because I`m from the same things that over there (INAUDIBLE) -- but I am
so upset. I got carried away with my --

UNIDENTIFIED MALE: Rhetoric.

REID: Rhetoric. Yes.

(END VIDEO CLIP

MADDOW: In Harry Reid`s world, that is the equivalent of hog smash.
What makes him so angry he cannot come up with the word rhetoric?

(BEGIN VIDEO CLIP)

REID: I am so upset that I think the Olympic Committee should be
ashamed of themselves. I think they should be embarrassed. I think they
should take all of the uniforms, put them in the big pile and burn them and
start all over again.

(END VIDEO CLIP)

MADDOW: Harry Reid is he`s mad at the U.S. Olympic team`s uniforms.
So mad he wants to burn them. Specifically the uniforms the U.S. team will
be wearing at the opening ceremonies in London later this month. It`s not
because he thinks they`re ugly, which many people justly think they are.

But, you know, U.S. Olympic team uniforms have been ugly before. It`s
not because they have tacky corporate logos on them advertising the company
that designed them. Corporate logos on uniforms are also sadly nothing
new. Remember those roots hats everybody was wearing in 2002? I`m talking
to you, senior producer Ilan Riley (ph). I`ve seen you wear it.

The reason he`s upset is that U.S. Olympic teams uniforms are made in
China. And anger over that is bringing America together in a heartwarming
way. Two people who agree on almost nothing ever, House Speaker John
Boehner and House Democratic Leader Nancy Pelosi, they agree on this.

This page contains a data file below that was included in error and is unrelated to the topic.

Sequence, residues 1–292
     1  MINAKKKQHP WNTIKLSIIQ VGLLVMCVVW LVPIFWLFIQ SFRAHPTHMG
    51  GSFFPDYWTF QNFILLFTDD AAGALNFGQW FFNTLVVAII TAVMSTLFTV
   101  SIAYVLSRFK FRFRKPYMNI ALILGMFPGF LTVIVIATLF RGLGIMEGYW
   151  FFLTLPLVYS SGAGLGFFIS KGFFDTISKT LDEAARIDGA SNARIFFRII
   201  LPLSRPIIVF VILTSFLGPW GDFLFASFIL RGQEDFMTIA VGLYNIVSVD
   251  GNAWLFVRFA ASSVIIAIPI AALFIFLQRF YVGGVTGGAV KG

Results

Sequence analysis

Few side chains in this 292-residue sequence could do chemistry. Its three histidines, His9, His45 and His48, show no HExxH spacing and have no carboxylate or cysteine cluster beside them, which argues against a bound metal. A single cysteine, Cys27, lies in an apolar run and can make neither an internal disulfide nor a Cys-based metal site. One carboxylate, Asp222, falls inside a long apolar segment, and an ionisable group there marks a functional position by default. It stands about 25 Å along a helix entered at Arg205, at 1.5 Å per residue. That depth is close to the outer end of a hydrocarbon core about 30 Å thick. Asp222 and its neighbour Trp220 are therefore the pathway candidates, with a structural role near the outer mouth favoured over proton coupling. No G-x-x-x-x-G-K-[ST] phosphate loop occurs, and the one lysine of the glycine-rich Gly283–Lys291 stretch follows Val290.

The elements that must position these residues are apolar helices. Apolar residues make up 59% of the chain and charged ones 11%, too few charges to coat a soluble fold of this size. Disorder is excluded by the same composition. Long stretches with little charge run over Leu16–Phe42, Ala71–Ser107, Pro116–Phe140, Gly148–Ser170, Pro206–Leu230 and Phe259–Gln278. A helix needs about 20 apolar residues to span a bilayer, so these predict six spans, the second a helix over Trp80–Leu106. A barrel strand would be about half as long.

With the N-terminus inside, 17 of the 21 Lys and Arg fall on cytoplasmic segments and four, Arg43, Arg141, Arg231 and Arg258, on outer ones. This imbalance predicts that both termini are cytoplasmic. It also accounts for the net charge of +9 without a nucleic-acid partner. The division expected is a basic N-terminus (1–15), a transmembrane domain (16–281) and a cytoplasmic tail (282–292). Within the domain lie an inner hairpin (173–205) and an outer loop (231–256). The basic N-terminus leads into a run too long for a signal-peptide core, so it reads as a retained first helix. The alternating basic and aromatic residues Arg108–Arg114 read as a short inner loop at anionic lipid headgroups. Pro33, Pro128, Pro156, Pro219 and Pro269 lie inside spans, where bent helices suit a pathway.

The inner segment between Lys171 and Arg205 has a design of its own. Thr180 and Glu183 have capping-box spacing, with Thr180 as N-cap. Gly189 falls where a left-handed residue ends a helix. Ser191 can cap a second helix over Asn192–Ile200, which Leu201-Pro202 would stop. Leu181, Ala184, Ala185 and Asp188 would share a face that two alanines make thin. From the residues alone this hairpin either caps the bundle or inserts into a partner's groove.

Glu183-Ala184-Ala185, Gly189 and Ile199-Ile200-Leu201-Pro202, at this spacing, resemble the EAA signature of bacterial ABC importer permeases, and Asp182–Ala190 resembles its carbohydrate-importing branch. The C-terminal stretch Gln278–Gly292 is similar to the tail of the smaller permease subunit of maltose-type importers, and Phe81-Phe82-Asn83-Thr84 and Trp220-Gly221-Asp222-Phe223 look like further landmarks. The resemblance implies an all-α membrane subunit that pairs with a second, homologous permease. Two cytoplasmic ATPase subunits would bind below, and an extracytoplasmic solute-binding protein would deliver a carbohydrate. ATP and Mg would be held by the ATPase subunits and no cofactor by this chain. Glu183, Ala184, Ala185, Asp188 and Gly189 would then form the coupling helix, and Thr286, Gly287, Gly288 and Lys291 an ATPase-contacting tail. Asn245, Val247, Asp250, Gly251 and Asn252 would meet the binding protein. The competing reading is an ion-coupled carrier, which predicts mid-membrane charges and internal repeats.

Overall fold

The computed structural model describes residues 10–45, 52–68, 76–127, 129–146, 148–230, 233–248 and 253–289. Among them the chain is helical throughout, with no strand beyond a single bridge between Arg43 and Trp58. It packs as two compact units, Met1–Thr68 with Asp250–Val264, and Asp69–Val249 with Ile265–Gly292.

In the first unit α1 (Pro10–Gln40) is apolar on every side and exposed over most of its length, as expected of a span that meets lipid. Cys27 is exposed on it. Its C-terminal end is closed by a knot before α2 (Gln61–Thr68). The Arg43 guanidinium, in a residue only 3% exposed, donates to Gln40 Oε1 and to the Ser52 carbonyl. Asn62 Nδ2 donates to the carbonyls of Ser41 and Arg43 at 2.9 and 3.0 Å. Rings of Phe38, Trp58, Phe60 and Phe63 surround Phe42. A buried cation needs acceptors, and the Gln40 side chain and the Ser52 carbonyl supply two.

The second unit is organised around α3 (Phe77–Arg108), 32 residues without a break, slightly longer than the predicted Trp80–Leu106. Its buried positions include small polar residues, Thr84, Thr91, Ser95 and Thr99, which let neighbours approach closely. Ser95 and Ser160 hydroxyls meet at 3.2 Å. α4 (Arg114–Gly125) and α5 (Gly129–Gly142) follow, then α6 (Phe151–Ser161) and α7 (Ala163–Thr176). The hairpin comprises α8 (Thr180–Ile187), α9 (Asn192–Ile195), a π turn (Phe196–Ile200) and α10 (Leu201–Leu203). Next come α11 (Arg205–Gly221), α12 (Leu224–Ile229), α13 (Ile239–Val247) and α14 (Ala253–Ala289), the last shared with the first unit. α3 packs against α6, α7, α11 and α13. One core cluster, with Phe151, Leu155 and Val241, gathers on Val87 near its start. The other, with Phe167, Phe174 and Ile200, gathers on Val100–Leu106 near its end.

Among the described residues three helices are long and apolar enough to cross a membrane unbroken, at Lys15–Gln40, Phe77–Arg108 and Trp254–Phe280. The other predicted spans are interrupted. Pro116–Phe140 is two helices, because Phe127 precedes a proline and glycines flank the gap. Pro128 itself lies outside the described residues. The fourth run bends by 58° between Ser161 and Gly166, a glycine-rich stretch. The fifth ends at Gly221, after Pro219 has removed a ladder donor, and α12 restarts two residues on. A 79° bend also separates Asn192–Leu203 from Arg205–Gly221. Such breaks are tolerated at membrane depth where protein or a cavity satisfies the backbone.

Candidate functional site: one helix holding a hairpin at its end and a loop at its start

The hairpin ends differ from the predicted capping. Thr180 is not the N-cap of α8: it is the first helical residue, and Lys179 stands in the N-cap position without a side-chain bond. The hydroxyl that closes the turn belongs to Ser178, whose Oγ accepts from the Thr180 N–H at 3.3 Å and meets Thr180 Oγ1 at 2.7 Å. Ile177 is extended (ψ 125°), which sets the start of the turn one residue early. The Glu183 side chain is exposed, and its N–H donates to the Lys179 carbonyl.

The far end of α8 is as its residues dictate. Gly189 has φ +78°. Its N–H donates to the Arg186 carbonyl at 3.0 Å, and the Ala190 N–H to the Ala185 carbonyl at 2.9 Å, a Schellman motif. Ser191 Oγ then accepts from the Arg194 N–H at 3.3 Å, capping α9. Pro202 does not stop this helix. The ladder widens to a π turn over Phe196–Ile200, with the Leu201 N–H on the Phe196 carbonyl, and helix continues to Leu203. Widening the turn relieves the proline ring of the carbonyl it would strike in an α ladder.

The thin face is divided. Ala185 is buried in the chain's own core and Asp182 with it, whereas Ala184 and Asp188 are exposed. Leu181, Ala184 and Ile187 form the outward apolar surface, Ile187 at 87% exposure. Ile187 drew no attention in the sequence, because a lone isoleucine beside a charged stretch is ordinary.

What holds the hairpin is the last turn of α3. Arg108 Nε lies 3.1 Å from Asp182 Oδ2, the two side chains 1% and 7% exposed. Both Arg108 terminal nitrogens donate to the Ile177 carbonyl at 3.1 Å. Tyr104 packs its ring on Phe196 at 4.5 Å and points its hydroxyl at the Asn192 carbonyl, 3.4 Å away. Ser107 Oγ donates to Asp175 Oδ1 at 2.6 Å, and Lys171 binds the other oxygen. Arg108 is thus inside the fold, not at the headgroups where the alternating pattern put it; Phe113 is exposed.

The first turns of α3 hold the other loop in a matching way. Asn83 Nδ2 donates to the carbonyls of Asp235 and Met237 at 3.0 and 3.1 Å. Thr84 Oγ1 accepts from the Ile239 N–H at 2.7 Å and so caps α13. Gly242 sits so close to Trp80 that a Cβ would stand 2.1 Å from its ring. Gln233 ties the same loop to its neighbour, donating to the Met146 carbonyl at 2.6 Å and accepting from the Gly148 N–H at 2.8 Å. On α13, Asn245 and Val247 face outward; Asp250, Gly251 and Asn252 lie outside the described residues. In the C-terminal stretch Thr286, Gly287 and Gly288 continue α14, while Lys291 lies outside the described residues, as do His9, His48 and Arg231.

(BEGIN VIDEO CLIP)

REP. NANCY PELOSI (D), CALIFORNIA: They`re so excellent, it`s all so
beautiful and they should be wearing uniforms that are made in America.

(END VIDEO CLIP)

MADDOW: Made in America. And look at the look on John Boehner`s face
as a reporter asked him about it. Look at it in super slow-mo.

You know what he said to reporters?

(BEGIN VIDEO CLIP)

REP. JOHN BOEHNER (R-OH), HOUSE SPEAKER: You think they would know
better.

(END VIDEO CLIP)

MADDOW: Everybody. People you like, people you hate, people who are
smart, people who are stupid, everybody hates these uniforms.

Take me for example. I don`t know what you think about me, but I
agree with John Boehner. I hereby announce that I hate that U.S. Olympic
team`s opening ceremony uniforms are made in China, which puts me for maybe
the first time ever in the same ideological camp as "FOX & Friends. Today,
I am one of those friends.

(BEGIN VDIEO CLIP)

UNIDENTIFIED MALE: Take a look at a new Ralph Lauren ad out this
morning which shows some of our Olympic athletes in the Olympic uniforms,
of course, are going to be held in the U.K. It has nothing to do with
France. Here`s the American flag, these Americans dressed in these outfits
with berets on.

UNIDENTIFIED FEMALE: Is this a new American trend now, are we going
to be seeing berets? And you have to pronounce it that way, too, because
that`s the French way. By the way, those jackets are very pricey, too. So
I`m not sure people are going to be snapping those up.

UNIDENTIFIED MALE: For women, the blazer $600. For men like that guy
right there, it is $800. And by the way, all of those clothes are made in
China.

(END VIDEO CLIP)

MADDOW: So, I`m in my happy place. I`m in comfort zone, being
annoyed by "FOX & Friends" and finding them inane while they`re going about
playing French music and the berets and, you know, with all this stuff,
then they get to the end, made in China. I`m like, yes, right, made in
China. I`m with you guys!

Those three words following the phrase American uniforms created a
soft pile of blankets which I want to snuggle up with "FOX & Friends."
Unity, America, we have finally been brought together by the Olympics and
it came early --best new thing in the world today.

Now it`s time for "THE LAST WORD" with Lawrence O`Donnell -- thanks
for being with us.

THIS IS A RUSH TRANSCRIPT. THIS COPY MAY NOT BE IN ITS FINAL FORM AND MAY
BE UPDATED.
END